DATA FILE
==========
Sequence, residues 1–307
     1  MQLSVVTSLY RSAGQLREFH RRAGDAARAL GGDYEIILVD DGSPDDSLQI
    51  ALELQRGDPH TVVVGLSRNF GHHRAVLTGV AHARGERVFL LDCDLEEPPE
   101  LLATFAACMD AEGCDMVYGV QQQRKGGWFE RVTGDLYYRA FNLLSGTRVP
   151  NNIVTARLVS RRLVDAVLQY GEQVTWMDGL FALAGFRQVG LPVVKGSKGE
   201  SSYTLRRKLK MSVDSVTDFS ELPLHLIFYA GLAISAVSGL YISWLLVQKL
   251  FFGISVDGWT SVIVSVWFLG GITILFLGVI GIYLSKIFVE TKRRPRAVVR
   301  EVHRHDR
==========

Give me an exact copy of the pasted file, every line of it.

Sequence, residues 1–307
     1  MQLSVVTSLY RSAGQLREFH RRAGDAARAL GGDYEIILVD DGSPDDSLQI
    51  ALELQRGDPH TVVVGLSRNF GHHRAVLTGV AHARGERVFL LDCDLEEPPE
   101  LLATFAACMD AEGCDMVYGV QQQRKGGWFE RVTGDLYYRA FNLLSGTRVP
   151  NNIVTARLVS RRLVDAVLQY GEQVTWMDGL FALAGFRQVG LPVVKGSKGE
   201  SSYTLRRKLK MSVDSVTDFS ELPLHLIFYA GLAISAVSGL YISWLLVQKL
   251  FFGISVDGWT SVIVSVWFLG GITILFLGVI GIYLSKIFVE TKRRPRAVVR
   301  EVHRHDR